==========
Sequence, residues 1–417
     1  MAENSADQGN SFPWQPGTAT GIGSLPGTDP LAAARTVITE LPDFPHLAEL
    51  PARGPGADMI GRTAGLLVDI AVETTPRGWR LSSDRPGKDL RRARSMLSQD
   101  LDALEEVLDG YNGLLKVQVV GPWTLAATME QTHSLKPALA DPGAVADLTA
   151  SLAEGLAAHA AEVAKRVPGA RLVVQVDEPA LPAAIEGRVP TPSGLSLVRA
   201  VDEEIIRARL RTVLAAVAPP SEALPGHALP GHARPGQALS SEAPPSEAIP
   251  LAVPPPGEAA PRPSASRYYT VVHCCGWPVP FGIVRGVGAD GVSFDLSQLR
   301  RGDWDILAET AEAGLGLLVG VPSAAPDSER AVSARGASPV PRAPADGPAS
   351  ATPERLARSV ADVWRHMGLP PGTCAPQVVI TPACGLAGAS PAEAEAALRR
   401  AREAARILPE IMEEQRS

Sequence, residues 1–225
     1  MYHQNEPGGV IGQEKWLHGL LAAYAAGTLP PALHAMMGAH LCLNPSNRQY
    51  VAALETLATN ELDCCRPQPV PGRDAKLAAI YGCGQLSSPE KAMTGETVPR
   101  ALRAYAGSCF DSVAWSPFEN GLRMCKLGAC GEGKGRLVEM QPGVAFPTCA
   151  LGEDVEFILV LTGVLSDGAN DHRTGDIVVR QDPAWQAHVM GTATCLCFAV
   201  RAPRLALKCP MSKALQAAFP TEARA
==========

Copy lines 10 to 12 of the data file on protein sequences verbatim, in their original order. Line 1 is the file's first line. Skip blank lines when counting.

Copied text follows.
   401  AREAARILPE IMEEQRS

Sequence, residues 1–225
     1  MYHQNEPGGV IGQEKWLHGL LAAYAAGTLP PALHAMMGAH LCLNPSNRQY